Orchestral Powwow brought together a drum group, powwow dancers, an RSO ensemble, and singers in performance at the end of the 2017 Sâkêwêwak Storytellers Festival. Orchestral Powwow is a collection of chamber symphonic works composed around Powwow pieces by Canadian cellist Cris Derksen. She characterizes them as “bringing our Aboriginal music to the centre of the European model and we as aboriginal artists lead the way with our drums and our heartbeat to create new forms of music.”
Orchestral Powwow is both a musical performance project and a symbol of Canadian multiculturalism. It created unprecedented artistic genres and opportunities for community engagement. For Cris, the project “responds to a perceived need to truly incorporate Aboriginal artists in art that claims Aboriginal credit.” She spent a year composing and transcribing with a library of powwow albums to create a new, extremely powerful, genre of music.
Cris told CBC news: “It was a way for me to reconcile who I am as a classically-trained colonial Indigenous human. It’s something you’ve never heard before. We take that white man conductor telling you what to do completely out of the scenario and instead of having a conductor, we follow the heartbeat of the Indigenous drum.”**
Dancer Teddy Bison spoke to CBC news about the process of collaboration: “Now that we are making it a reality, it’s exciting. It’s different because the timing’s different … men’s fancy dance is a very aggressive dance and a lot of the music that we have been practicing to gives a softer feeling. That was my biggest challenge, to soften things up.”**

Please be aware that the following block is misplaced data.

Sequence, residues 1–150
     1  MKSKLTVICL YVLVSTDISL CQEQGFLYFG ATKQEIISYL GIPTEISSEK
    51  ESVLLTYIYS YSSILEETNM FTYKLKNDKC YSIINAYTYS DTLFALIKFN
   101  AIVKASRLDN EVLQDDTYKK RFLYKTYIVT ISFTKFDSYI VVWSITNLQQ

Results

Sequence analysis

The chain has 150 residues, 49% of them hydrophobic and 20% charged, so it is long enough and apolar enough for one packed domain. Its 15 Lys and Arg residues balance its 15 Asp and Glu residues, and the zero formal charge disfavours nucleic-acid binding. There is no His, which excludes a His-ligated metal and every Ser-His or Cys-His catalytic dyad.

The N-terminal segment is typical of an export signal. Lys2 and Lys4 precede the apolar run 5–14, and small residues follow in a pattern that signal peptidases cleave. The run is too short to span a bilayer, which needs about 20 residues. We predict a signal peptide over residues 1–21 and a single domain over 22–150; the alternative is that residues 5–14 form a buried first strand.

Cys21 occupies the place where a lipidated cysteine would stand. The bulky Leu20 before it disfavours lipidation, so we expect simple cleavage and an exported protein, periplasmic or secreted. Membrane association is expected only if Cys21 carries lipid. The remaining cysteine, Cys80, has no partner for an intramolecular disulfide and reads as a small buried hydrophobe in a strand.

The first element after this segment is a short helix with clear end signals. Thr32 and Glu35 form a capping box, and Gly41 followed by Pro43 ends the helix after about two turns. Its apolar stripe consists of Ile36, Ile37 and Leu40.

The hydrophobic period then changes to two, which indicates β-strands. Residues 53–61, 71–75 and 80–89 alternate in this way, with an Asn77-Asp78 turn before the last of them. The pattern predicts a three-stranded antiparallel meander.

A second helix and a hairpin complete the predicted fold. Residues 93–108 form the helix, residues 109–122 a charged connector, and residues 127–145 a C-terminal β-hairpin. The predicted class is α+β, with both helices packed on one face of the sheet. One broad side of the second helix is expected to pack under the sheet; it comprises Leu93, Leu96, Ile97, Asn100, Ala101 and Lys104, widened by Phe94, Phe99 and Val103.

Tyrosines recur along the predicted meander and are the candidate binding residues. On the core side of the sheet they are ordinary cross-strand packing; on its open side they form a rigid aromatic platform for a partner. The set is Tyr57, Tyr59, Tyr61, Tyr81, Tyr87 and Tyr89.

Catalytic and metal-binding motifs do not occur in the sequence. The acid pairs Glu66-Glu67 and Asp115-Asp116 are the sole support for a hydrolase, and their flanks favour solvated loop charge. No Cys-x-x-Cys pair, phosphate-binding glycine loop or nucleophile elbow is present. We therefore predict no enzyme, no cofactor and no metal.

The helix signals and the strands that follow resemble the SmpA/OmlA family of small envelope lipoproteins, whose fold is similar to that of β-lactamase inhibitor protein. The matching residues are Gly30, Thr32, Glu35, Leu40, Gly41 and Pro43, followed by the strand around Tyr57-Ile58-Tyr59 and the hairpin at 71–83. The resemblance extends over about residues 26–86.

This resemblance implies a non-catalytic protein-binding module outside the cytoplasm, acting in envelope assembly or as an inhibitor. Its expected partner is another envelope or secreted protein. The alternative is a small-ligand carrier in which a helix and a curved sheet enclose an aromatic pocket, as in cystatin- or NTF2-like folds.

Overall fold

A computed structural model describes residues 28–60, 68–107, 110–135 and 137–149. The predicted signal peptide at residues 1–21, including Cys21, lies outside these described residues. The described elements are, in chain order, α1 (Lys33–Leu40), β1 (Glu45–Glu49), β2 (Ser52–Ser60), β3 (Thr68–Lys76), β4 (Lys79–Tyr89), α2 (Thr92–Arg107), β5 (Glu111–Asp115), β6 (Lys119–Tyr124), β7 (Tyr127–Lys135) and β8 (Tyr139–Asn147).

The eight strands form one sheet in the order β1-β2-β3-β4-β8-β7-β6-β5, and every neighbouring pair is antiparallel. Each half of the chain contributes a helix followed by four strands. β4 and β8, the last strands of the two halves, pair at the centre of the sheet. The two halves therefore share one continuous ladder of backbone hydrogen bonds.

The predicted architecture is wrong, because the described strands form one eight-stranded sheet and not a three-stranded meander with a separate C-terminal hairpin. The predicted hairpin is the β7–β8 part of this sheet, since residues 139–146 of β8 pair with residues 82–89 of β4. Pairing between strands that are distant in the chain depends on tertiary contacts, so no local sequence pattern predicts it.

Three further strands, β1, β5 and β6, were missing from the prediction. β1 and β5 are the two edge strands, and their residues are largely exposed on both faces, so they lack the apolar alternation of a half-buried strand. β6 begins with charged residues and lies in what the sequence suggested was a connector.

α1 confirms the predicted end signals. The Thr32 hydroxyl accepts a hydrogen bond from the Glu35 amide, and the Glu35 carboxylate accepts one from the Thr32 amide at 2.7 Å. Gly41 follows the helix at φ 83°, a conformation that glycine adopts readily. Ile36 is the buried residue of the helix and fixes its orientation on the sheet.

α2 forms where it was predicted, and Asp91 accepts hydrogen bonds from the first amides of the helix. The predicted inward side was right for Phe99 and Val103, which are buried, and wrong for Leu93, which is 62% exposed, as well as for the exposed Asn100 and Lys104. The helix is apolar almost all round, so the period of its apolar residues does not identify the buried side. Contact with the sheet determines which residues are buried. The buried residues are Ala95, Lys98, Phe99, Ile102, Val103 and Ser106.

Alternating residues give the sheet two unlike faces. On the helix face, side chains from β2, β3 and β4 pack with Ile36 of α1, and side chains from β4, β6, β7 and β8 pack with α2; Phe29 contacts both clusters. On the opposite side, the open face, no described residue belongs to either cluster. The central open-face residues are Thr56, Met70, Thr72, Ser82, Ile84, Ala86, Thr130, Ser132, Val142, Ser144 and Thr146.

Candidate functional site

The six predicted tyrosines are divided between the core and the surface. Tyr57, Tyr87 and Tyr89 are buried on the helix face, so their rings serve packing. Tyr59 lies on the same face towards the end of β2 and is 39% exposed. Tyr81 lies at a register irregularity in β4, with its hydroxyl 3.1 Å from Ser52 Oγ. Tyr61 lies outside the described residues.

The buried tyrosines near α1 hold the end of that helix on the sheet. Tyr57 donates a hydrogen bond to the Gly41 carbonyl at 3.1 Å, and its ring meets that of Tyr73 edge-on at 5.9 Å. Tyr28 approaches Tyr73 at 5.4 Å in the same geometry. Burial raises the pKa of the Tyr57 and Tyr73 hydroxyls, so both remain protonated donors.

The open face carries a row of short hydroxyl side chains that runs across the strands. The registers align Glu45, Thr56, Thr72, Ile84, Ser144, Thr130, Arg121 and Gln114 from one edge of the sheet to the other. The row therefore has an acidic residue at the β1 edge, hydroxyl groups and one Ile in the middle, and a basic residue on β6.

The Regina performance of Orchestral Powwow was successful on several levels: as a collaborative performance project, as a celebration of multiculturalism, and as innovation in arts/culture. It is an example upon which similar work can be built. Multiculturalism in a modern society amounts not only to acknowledging our diversity, and celebrating uniqueness, but also uniting differences in such a way that allows us to move forward together in cohesiveness, creating better communities together.
Innovation, particularly through arts and culture, seeks to find new ways for communities to move forward together, propelled by intercultural understanding, and collaboration for the betterment of all.
Cris has recently released the finished recording of Orchestral Powwow, originally conceived by herself, and Robert Todd of the Tribal Spirit Powwow label.
- With files and photos from the Regina Symphony Orchestra and Sâkêwêwak.
- *Strategic Council, Building the Case for Business Support of the Arts: A Study Commissioned by Business for the Arts, Feb.2015.
- **Bellegarde, Brad, “Regina Symphony Orchestra performs with Indigenous drum group,” CBC News, Posted: Feb 05, 2017 5:30 AM CT, Last Updated: Feb 05, 2017 5:30 AM CT